Cheapside (at the corner of Cheapside and Main Street) was originally the site of a small log schoolhouse built in 1782, and the first building in Lexington built outside of the fort walls. Apparently education in Kentucky has always had a rocky ride. The site was later used for “court days” and served as the largest slave-trading block in the state. Cheapside continues to function as a public square and market (but with a much more ethical purpose), as home to the Lexington Farmers’ Market.

The St. Paul African Methodist Episcopal Church, 251-253 N. Upper St., was built on an old horse stable, where the early members worshipped. Above the present-day sanctuary a small room housed slaves as they moved through the Underground Railroad. Tours of the room can be arranged by calling the church.

Map: A detailed map can be found at www.visitlex.com/afamheritage-trail and at the Lexington Visitors Center.

 

The LexWalk Audio Tour

Grab your cell phone, iDevice, or mp3 player, and groove to an urban Lexington walk-about. Using your cell phone, you can dial a number and listen to various points of interest in downtown Lexington, or with your smart phone you can hear the tour and see images by linking to a web page. Alternately, you can download a mp3 version to your player.

Length: Less than two miles. Your ear might wear out before your legs do.

Highlights: Choose your technology and start walking. The tour covers 19 points of interest in downtown Lexington, including historic homes and churches, the World Trade Center, and Gratz Park. Move at your own pace. Walk to your own drummer.

Unfortunately, this can really suck the juice from a smart phone (unless you use the app version), and the GPS reception is a bit iffy once in the shadows of tall buildings. In other words, the technology is still trying to catch up with our imaginations. But, it’s free. It’s novel. And one day it might be yesterday’s latest fad.

Audio Downloads: www.visitlex.com/audiotour. A free app is available from the iTunes store.

 

Gratz Park

The Bluegrass Trust for Historic Preservation has developed four different self-guided walks including Gratz Park, the Adaptive Reuse Walking Tour, the Constitution Historic District and Mulberry Hill. The Gratz Park Historic District is bounded by Third and Second streets (to the north and south), and by Bark Alley and Byway (to the west and east). The Carnegie Center for Literacy and Learning (the former Lexington Public Library) and Morrison Hall (located on the campus of Transylvania University) serve as bookends.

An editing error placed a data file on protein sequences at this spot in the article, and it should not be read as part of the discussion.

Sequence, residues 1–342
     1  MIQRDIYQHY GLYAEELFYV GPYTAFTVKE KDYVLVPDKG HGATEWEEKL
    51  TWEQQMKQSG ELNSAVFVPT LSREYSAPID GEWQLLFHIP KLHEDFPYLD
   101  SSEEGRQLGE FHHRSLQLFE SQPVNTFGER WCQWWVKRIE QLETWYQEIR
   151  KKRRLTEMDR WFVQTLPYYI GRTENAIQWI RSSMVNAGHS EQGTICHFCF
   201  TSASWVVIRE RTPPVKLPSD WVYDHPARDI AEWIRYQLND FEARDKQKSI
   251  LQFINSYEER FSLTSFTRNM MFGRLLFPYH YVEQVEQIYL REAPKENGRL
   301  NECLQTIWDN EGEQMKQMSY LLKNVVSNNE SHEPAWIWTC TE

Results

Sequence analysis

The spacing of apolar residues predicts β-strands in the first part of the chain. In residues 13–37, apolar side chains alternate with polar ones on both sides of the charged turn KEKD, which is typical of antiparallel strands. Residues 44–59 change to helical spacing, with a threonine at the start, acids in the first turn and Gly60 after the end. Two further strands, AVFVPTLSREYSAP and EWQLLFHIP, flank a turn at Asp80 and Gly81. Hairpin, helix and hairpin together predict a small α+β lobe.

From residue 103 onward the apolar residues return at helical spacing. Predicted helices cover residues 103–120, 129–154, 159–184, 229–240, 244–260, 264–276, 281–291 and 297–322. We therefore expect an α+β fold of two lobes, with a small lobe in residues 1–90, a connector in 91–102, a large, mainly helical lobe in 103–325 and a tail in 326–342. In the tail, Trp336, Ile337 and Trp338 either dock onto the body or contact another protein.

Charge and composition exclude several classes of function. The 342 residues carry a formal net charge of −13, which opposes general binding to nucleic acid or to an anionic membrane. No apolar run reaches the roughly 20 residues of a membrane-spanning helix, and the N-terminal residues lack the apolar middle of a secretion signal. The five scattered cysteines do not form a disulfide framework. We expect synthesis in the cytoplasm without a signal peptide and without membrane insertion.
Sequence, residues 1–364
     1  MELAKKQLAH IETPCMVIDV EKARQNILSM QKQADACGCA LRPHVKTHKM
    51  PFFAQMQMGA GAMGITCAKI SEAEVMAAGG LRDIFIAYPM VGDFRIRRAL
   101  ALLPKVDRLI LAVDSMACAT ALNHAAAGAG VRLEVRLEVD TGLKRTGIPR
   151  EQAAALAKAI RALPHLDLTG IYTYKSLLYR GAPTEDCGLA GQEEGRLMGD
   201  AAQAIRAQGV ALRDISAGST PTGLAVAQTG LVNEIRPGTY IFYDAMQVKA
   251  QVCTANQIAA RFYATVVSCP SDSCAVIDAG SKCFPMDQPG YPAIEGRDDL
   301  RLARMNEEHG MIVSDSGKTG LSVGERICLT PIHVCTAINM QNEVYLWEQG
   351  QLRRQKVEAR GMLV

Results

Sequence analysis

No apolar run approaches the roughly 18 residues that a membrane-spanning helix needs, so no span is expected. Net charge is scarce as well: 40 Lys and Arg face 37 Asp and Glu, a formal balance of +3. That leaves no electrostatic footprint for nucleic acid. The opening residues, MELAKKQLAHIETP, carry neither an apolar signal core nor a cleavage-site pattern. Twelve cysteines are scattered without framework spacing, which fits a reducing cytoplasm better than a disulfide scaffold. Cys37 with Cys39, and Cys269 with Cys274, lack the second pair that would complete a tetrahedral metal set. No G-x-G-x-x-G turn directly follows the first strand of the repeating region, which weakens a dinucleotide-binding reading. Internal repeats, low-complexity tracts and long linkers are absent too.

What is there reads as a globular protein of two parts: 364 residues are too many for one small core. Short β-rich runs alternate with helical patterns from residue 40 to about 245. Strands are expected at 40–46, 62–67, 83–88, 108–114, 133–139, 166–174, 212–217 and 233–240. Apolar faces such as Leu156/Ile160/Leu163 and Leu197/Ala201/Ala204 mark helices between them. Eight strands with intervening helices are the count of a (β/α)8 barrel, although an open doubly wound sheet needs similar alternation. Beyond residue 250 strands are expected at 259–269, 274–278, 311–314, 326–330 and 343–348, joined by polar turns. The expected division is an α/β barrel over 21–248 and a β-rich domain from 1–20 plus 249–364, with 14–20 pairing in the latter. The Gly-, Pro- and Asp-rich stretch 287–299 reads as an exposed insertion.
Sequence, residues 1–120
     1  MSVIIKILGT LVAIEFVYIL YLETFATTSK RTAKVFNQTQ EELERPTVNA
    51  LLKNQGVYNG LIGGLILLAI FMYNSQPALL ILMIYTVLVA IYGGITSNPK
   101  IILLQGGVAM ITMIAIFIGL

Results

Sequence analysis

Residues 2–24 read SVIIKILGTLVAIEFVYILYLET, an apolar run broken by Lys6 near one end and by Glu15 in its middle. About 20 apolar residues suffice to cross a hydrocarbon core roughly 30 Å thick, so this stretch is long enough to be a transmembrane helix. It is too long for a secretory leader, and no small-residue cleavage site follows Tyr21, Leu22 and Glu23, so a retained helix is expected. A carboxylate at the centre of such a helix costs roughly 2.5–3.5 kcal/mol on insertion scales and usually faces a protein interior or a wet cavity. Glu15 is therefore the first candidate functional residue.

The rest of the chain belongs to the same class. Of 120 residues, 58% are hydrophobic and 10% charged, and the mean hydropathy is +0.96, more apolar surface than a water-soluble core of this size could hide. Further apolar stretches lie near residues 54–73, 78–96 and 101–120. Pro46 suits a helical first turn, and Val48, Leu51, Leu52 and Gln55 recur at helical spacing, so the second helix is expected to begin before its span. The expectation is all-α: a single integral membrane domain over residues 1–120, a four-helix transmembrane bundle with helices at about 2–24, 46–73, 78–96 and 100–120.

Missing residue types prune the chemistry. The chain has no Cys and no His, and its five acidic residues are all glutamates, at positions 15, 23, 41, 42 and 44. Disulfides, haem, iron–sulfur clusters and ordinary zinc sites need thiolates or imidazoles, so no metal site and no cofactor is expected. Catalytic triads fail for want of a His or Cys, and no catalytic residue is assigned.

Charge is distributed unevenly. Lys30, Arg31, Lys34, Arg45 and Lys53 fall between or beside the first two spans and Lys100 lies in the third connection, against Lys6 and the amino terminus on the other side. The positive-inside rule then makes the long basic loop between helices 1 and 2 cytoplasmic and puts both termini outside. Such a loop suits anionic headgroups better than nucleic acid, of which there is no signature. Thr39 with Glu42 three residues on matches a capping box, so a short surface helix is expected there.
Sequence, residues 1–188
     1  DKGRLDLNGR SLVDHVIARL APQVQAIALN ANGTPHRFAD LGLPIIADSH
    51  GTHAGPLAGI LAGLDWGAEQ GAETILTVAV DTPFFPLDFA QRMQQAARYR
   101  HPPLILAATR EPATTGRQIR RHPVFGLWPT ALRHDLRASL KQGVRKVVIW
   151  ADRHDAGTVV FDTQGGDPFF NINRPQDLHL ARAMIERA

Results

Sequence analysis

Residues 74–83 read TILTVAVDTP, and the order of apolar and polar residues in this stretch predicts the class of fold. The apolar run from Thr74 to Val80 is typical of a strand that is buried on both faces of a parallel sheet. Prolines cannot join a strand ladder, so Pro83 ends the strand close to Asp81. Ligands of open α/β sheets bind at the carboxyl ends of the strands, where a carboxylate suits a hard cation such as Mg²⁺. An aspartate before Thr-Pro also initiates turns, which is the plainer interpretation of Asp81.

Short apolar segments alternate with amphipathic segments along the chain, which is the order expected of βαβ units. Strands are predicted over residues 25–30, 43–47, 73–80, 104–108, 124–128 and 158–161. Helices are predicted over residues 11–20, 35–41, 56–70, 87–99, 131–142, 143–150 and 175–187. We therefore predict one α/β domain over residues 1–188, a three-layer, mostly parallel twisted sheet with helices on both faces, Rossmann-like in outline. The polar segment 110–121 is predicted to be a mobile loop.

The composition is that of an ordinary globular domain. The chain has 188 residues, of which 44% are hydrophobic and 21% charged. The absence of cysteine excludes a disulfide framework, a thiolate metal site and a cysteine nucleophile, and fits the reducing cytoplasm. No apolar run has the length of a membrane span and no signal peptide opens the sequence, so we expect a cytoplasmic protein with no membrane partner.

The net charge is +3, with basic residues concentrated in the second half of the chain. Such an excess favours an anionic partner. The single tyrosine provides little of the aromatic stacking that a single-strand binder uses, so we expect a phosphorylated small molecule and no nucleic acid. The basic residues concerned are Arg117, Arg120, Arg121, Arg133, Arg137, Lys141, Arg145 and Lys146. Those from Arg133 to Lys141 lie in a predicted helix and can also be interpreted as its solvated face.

Length: Less than half a mile in length. None of these walks are remotely rigorous, unless an image of Confederate General John Hunt Morgan makes your heart race. But you’re outside, breathing fresh air and not sitting at home watching re-runs.

Highlights: Gratz Park is one of the prettiest and inviting walking tours in downtown Lexington. The park provides the perfect oasis of urban green space for the surrounding homes built in the Federal, Italianate, Greek Revival and Victorian architectural styles. The park itself lies on one of the original outlots of Lexington, as platted by the Virginia Assembly in 1781, and was originally the site of a seminary, later known as Transylvania University.

The walking tour includes 25 different buildings, including the Patterson log cabin (circa 1783 and Lexington’s first mobile home) and The Fountain of Youth – a memorial fountain James Lane Allen bequeathed to the children of Lexington. Three houses on North Mill Street are known as the Goodloe Houses (or the “Three Sisters”), built by Mrs. William Goodloe for her three daughters. Each of the houses utilizes an identical floor plan, but architecturally incorporates different Victorian-style elements. Interestingly, Isaac Murphy (a free black man and perhaps the greatest American jockey of all time) once owned part of the property these houses sit upon.

Maps: Beautiful brochures can be picked up from the Blue Grass Trust for Historic Preservation (253 Market St.) or the Lexington Visitors Center. They are also available online at www.bluegrasstrust.org/resources.html. These walks (with the exception of the Adaptive Reuse Tour) are also available as podcasts from the Bluegrass Trust.

 

Valerie Askren is the author of “Hike the Bluegrass: Your Guide to Hiking, Walking, and Strolling Across Central Kentucky.”